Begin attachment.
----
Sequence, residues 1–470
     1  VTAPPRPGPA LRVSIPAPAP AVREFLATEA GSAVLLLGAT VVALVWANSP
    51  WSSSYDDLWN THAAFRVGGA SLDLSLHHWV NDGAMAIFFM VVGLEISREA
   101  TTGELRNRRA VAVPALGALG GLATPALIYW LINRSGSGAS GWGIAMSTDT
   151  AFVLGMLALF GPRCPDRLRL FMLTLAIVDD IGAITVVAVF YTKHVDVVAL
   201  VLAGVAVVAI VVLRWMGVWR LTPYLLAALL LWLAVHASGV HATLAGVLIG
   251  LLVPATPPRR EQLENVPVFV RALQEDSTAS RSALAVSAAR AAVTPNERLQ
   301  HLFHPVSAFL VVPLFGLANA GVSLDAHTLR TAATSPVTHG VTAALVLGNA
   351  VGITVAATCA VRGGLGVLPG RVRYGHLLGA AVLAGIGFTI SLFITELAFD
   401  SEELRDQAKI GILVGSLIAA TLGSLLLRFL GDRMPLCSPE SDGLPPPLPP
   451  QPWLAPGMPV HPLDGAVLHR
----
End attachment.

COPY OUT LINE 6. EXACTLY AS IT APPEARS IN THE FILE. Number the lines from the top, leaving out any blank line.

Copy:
   201  VLAGVAVVAI VVLRWMGVWR LTPYLLAALL LWLAVHASGV HATLAGVLIG